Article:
Hyundai Tucson moves past cute ‘ute phase |

Hyundai Tucson moves past cute ‘ute phase

Andy Stonehouse
summit daily auto writer
2010 Hyundai Tucson

No longer just another cute ‘ute, the new Hyundai Tucson takes some nicely style-forward, European-designed looks and incorporates the company’s quickly maturing reputation for nice interiors, solid powertrains and efficient dynamics.

Demonstrating, therefore, that even the most rough-around-the-edges import upstart can eventually craft a vehicle that (nearly, or, often) whups the butt of the domestics. Detroit, you’ve been warned, and clearly, you’re still not listening.

Let me not get entirely ahead of myself, lest you come to think that the Koreans are suddenly crafting vehicles like the Germans, albeit German vehicles which were both affordable and reliable.

Tucson is still a slightly bumpy riding and occasionally brittle sounding CUV, reacting a little over-reactively to bad pavement and producing considerable cabin noise at highway speed.

And the improved 2.4-liter four-cylinder, while turning out 176 horsepower (a quarter more than the old model), produced for me some mileage figures (about 20 mpg overall) that weren’t a hell of a lot better than the much, much larger Toyota 4Runner.

But in terms of style, ease of driving experience and comfort, Tucson’s a pretty nice ride. You’ll notice from the new looks that whatever design work the company did in Munich (they call it Fluidic Sculpture) has resulted in an automobile that’s quite compelling in its curvy, angular blend.

You’ll notice that the soon-to-released 2011 Kia Sportage, essentially the same vehicle, also got the Fluidic Sculpture treatment; in the Kia iteration, that means a super-smiley nose and grille, giant cat-eye headlamps and a highly texturized hood, plus the swoopy, Euro-style roofline.

Tucsons with major two-tone paint jobs benefit from the new, pronounced black body line, which serves to give the car a little extra substance.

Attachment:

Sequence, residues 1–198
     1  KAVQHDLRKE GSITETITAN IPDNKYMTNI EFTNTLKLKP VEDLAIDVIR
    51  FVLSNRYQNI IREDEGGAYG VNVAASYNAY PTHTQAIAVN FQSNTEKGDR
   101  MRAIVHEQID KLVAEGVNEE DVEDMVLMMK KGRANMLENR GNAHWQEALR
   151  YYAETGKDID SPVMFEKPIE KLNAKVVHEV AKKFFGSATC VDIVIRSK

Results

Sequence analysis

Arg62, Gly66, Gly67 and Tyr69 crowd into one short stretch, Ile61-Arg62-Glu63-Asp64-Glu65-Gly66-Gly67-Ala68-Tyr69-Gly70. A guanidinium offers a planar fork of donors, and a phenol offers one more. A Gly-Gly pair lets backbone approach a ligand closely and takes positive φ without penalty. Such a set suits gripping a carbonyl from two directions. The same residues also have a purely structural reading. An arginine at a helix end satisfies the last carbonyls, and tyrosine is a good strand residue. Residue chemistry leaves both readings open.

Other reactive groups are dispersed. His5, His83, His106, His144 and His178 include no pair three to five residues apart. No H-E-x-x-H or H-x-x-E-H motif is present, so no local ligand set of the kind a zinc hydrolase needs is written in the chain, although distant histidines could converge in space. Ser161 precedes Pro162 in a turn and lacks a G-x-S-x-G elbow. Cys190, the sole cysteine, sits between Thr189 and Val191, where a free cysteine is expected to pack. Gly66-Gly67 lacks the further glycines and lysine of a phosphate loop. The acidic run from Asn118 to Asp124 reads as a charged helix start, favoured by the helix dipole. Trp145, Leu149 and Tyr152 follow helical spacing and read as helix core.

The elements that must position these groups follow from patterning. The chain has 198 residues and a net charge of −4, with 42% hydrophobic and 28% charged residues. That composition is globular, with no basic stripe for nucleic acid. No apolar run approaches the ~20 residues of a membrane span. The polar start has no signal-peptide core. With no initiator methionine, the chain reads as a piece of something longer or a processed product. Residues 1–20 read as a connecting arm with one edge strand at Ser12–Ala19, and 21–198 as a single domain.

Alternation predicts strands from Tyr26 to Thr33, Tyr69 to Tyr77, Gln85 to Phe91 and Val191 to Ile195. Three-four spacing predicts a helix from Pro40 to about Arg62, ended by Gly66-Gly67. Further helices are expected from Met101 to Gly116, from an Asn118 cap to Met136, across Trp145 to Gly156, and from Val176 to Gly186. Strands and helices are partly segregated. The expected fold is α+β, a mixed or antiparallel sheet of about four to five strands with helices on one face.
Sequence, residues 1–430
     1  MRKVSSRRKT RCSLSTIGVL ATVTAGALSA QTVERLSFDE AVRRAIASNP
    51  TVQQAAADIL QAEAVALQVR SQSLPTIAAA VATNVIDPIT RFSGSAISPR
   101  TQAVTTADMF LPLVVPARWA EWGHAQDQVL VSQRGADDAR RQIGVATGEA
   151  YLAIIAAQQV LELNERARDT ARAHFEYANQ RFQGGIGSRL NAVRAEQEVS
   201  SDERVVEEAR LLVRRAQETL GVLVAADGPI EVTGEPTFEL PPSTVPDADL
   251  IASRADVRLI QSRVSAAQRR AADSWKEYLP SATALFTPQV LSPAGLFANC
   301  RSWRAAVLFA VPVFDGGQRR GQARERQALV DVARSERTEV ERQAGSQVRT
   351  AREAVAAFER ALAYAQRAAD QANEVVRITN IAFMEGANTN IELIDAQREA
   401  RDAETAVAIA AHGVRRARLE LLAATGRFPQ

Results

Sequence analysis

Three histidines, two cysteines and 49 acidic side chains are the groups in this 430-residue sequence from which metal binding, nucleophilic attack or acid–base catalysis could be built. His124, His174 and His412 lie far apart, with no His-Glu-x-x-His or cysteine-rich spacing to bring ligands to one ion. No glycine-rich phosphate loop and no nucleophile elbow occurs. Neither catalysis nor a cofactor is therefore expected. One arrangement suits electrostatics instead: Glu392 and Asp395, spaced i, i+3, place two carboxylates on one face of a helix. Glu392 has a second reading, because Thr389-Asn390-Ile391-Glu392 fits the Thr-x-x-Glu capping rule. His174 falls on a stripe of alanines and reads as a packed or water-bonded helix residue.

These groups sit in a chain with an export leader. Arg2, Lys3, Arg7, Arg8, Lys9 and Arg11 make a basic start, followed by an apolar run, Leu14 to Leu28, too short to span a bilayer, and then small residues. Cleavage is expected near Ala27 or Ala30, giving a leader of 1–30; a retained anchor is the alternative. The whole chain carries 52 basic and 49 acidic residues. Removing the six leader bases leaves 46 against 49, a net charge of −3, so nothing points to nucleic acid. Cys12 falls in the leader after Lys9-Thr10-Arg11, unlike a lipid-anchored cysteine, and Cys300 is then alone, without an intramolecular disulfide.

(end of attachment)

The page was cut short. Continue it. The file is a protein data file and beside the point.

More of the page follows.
That horsepower makes Tucson a comfortable cruiser. It’s not a screamer but also not underwhelmingly anemic, with the slightly rigid suspension also imparting absolutely flat, non-rolling turns, like a taller Genesis sports car. Head down a long incline and the six-speed automatic transmission works like a charm, self-adjustable to control your speed.

Light offroading expeditions may also benefit from the downhill brake control system, while the electronic all-wheel-drive lends an overall feeling of security.

I had a curious revelation with the Tucson’s seating – for whatever reason, it fit my stumpy frame absolutely perfectly, with soft but still supportive, two-tone leather.

The cabin design is otherwise clean and efficient, maybe a little heavy on the swirly design cues, including a stuck-out set of door speaker covers that might hit your knees on exits.

The optional touchscreen navigation system is seamless, with a Bluetooth setup included, and the two-zone AC system even includes a special air-cleaning filter.

There are even some Volvo-by-way-of-Audi-inspired pass-thru handles on the center console for an extra hand-hold during your run on the Rubicon Trail.

The optional double, panoramic sunroof gives the already reasonably comfortable rear seat a whole new feeling of headroom, though the rear panel does not open and the front panel actually slides over the rear when fully open-providing double UV protection, I guess. Funky little third-row windows also cut down on the feelings of claustrophobia, and the curve front seatbacks add to rear passenger knee room.

Tucson’s doors were noticeably light and susceptible to wind gusts, and the door sills just slightly tall, necessitating a wide step to exit.

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